The greatest ironies of the Christian faith do not start in Holy Thursday. The radical nature of Christianity that will unravel in the Paschal Triduum begins with Palm Sunday and the ironic nature of its celebration.
At the start of the mass, the congregation heads outside of the church each one holding a branch of Palm that the priest blesses; after which, the celebrant reads the gospel depicting the entrance of Jesus to Jerusalem and welcomed with palm branches laid before his feet. This scene is then counteracted by the gospel reading during the mass proper, when the same congregation is tasked to read the parts of the High Priest and crowd that demanded Jesus’ crucifixion. While this scene is dogmatically meant to represent the guilt of men, these set of readings should not be read in such naive manner. Rather, is not the whole set of readings from the blessing of the palms to the reading of the passion of Christ according to Matthew a parody of a Greek tragedy?
The readings take us on the typical flow of a Greek tragedy. The fateful hero enters the city in triumph and welcomed by the people as the savior or the destined king of the city. However, this same person, by a twist of fate, does not live on to the expectation of the crowd and is denounced by the city’s ecclesiastico-political authorities for violating the fundamental traditions of the nation and sentenced to death not just physically but is removed from the community, a double death. However, a Greek tragedy employs a fundamental dramaturgic tool, the chorus, that completely separates the crowd and at the same time fully immerses them into the cathartic aspect of the play. While the chorus responds to what the crowd should feel in the performance, it, at the same time, separates them from the story by providing a fetishistic disavowed relation with the play.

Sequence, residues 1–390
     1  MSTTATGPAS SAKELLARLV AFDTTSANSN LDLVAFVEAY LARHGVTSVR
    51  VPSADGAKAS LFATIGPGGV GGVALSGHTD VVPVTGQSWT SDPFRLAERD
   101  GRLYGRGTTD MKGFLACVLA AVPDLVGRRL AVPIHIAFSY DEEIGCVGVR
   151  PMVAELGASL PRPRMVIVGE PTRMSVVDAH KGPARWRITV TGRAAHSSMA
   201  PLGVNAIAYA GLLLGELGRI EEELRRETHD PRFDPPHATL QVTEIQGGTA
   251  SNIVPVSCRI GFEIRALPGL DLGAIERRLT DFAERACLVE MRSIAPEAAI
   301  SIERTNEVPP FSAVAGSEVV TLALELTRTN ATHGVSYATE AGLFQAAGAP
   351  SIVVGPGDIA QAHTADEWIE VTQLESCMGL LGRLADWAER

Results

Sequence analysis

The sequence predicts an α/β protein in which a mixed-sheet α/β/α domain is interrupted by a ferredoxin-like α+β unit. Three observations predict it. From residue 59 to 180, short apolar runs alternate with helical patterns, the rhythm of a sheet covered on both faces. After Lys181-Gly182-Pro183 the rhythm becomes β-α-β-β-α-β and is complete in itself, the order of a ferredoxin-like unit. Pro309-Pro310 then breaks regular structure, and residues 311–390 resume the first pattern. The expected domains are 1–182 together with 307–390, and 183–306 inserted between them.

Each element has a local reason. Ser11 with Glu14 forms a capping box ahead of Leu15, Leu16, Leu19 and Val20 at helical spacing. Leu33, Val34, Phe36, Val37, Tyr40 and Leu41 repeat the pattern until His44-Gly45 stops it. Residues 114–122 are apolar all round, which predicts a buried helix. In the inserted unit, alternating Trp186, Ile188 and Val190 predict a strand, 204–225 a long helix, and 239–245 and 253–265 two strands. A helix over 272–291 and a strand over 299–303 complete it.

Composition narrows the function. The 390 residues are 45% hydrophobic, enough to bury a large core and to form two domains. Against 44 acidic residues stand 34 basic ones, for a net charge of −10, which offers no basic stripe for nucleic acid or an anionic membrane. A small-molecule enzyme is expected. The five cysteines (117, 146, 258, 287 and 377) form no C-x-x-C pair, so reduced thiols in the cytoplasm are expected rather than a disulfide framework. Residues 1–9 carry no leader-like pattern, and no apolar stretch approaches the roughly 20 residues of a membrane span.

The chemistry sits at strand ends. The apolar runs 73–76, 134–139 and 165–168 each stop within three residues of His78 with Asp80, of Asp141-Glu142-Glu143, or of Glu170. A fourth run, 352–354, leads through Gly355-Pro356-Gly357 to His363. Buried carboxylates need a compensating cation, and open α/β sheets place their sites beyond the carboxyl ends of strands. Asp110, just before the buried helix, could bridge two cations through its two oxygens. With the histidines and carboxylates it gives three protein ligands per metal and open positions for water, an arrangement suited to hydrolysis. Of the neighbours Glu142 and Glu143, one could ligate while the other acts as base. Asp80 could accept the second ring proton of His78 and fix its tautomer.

If the narrative of the passion, read during Palm Sunday, were to be a tragedy, it fully parodies the flow and the ideal behind tragedy. While the message of tragedy is the inevitability of fate in the course of human and divine life, the message of the gospel tragedy is that at the beginning the fateful hero’s triumph and fall is downplayed. In the gospel, there is no fate that will devastate the characters and show his triumphant will. Here, we only have triumphant will without the fate; fate, as a series of strings that weaved together the series of events to its inevitable end, does not exist in the gospel. When Jesus dies on the cross and shouts “Father, Father why have you forsaken me”, Žižek is right to indicate that Jesus signaled the death of God as the transcendent God that sustains the fabric of our reality. In addition, he also dismantles the idea that the world is bound by an order that unfolds a singular narrative bound by love. When Jesus died, it did not end in a carnival of love, where people just loved each other and stopped judging, but signaled a constant state of emergency among his believers, carving the boundaries between believer and foe.